There will be no Tulip blooming over the City of London after the government refused to grant planning permission to build the 305-metre skyscraper.
Developers had hoped that Michael Gove, the housing and levelling up secretary, would overturn a decision by Sadiq Khan, the London mayor, two years ago to reject the project amid concerns that the Tulip was of “insufficient quality”.
However, planning inspectors sided with Khan and recommended that the appeal be dismissed. Khan said that he was delighted.
Among the inspectors’ main concerns was the “vast quantity” of reinforced concrete that would be used in construction, both for the foundations and the main shaft through which the lifts would have run.
“This is one of the least sustainable materials due to its high embedded energy and difficulty in recycling,” David Nicholson, lead inspector, said in his report.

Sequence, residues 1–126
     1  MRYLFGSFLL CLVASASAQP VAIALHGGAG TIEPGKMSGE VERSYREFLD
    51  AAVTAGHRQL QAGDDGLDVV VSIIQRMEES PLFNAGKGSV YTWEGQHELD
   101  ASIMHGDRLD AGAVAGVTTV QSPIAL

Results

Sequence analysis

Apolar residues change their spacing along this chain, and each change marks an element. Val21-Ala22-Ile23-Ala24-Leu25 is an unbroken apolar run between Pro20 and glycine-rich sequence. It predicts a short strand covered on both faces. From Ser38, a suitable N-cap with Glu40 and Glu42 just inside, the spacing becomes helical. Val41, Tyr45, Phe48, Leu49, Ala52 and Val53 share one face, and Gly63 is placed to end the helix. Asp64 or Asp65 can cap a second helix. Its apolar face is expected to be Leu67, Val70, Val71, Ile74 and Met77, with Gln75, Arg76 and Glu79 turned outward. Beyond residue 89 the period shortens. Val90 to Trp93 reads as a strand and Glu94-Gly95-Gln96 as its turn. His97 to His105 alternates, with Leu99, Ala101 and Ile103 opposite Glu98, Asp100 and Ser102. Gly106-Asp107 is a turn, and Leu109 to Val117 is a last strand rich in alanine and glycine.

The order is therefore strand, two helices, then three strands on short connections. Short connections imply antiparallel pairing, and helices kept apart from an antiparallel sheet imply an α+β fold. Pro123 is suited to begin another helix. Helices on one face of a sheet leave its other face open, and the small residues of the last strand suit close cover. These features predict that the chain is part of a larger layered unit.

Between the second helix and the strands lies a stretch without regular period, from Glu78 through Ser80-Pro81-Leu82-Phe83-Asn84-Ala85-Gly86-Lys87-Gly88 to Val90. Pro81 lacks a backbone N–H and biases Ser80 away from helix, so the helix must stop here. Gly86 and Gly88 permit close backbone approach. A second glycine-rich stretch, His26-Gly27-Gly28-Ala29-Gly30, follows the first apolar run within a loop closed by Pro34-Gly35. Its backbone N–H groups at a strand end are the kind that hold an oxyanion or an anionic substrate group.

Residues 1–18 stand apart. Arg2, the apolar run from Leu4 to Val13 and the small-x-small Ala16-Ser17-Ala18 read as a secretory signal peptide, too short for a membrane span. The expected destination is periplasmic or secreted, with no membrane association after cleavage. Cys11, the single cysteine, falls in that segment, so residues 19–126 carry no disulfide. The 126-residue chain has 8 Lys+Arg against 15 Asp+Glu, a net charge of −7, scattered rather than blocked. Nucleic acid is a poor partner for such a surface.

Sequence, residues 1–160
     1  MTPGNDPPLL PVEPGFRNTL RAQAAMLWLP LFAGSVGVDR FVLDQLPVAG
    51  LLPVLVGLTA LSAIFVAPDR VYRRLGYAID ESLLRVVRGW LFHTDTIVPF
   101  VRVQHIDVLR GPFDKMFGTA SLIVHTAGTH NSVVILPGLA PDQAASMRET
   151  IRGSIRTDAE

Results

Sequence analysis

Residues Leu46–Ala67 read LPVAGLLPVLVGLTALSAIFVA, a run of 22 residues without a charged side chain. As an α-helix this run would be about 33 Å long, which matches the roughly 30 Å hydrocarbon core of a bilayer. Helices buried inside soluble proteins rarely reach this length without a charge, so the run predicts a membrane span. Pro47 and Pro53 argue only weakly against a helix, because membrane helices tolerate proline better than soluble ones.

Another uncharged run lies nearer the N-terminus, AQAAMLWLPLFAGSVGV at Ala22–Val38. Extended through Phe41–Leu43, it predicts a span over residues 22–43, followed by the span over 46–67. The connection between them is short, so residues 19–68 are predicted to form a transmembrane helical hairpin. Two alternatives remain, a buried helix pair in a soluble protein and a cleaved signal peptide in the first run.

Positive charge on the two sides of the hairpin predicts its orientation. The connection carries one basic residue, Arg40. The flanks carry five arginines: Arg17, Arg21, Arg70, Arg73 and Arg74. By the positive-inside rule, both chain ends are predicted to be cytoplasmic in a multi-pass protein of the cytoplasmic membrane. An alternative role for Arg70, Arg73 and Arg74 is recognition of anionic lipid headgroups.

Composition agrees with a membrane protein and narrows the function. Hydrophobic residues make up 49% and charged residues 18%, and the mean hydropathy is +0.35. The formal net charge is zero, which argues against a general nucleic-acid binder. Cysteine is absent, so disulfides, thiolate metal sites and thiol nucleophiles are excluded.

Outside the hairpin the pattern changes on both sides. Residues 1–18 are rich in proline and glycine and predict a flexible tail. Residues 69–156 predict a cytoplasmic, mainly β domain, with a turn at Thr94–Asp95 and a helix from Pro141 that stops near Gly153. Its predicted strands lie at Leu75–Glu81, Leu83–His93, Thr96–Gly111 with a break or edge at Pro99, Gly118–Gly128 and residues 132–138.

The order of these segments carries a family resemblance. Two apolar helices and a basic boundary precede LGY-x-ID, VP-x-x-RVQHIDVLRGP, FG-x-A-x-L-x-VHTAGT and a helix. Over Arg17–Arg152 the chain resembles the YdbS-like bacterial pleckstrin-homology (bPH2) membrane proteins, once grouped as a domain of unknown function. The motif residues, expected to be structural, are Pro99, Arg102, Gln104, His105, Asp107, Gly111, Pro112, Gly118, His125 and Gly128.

Officials noted that the Tulip, designed by Foster + Partners, would be the tallest building in the City and might encourage other developers to match its height, but were conscious that this was likely to hamper the views from its viewing platform — the tower’s primary function.
“There are no plans for its re-use when it has served its purpose as a viewing tower, whether because its views might be curtailed by other towers, its advantages eclipsed by other viewing opportunities or other attractions or that it might simply fall out of favour,” Nicholson wrote.
Given the cost of dismantling the tower, inspectors were concerned that the owners might have little incentive to knock it down, which could leave an “eyesore or a large public liability”.
Nicholson and his team agreed that “there would be harm to the setting of the Tower of London” and other heritage sites.
A spokesman for the Tulip said that it was disappointed by the government’s refusal.
The Times (Tom Howard) - https://www.thetimes.co.uk/article/government-refuses-to-grant-planning-permission-for-tulip-skyscraper-rzxx2rbzr